Friday, November 11, 2011

The Comic Conundrum

I like to consider myself a fan of comics. Hell, I'd probably be illiterate without them. I, however, am not a fan of comics like I am of video games. By which I mean with video games I enjoy more than just the games but following the industry and keeping up with the various politics and drama that occurs within. Comics have never held that position of attention in my life. I think I know maybe four names from the realm of comics; Jack Kirby, Bob Kane, Jim Lee, and Stan Lee. That's the creator of Superman, Batman, the guy currently heading up Batman, and the guy who shows up in all the Marvel movies.

 I'd probably mistake him for Hugh Hefner
if his name wasn't so catchy.

From my outside, casual perspective I see the comics industry as one with a flawed business model. A model that logically should have come crumbling down on them a long time ago. It's the reason I visit my local comic shop maybe twice a year at best, and why I only managed to pick up three issues from the first week of DC reboot releases.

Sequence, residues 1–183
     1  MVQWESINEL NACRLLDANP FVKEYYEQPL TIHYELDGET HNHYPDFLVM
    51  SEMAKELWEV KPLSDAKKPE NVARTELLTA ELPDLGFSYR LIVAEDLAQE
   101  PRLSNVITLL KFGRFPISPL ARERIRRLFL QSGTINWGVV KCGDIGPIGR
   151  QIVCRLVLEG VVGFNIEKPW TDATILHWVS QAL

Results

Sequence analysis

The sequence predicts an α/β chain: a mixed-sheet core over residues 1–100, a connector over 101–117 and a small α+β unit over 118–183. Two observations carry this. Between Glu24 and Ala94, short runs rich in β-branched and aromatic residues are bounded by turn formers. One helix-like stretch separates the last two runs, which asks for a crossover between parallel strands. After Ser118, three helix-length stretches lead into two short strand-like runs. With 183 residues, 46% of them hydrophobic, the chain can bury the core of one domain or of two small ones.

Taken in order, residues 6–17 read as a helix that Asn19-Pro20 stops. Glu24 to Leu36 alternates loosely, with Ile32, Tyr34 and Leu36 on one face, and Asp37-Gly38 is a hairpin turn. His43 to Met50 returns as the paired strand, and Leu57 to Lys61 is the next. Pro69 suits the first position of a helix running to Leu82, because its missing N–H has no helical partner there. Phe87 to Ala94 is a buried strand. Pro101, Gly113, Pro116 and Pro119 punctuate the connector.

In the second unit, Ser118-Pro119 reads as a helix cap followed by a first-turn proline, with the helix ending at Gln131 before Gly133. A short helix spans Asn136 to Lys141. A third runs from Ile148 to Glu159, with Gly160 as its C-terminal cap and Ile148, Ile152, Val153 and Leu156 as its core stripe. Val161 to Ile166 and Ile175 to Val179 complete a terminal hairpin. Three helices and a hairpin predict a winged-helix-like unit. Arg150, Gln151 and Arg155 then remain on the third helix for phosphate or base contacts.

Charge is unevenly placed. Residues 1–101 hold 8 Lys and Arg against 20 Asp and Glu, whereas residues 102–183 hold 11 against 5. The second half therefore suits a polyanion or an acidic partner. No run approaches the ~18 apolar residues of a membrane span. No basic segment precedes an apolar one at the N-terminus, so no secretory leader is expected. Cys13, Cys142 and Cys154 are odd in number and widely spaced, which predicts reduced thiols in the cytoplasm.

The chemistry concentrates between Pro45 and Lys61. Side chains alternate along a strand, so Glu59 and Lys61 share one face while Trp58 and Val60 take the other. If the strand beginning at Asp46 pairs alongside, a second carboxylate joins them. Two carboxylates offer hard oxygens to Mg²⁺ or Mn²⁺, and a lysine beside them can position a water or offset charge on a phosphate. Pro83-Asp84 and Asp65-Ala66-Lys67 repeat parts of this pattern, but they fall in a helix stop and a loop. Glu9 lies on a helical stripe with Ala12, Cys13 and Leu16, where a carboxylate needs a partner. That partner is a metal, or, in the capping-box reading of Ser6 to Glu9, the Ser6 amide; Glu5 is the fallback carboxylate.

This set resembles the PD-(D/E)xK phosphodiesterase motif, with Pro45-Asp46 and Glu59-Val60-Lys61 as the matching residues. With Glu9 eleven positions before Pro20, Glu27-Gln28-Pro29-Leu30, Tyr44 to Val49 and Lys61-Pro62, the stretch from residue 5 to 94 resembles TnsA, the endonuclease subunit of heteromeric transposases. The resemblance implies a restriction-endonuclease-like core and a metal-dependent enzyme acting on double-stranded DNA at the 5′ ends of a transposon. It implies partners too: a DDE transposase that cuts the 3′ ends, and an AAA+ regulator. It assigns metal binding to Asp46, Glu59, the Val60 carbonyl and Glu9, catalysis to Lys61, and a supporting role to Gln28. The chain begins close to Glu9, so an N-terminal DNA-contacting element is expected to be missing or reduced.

Monthly issues, god fucking damn it how I hate those monthly issues. I have in my hands at the moment Action Comics #1 from the DC reboot. It would be a copy of Detective Comics #1 but in a moment of stupidity it never registered as "That's the Batman one you really really want." My lack of Batman aside, Action Comics #1 is 20 pages front and back making for a grand total of 40 pages. Eleven of those are ads, bringing us down to 29 actual pages of comic to read. That's pretty damn short in my book considering I read comics exponentially faster than I do novels. If I want the rest of the story I have to keep up with the issue releases and make sure I don't miss any. Then if what I understand about story arcs in the world of comics this bullshit is going to take upwards of six months to a year to play out, across multiple series, each with their own issues to keep track of and pay for. I'll be honest, that sounds like a god damn nightmare and something I frankly have no desire to mess with.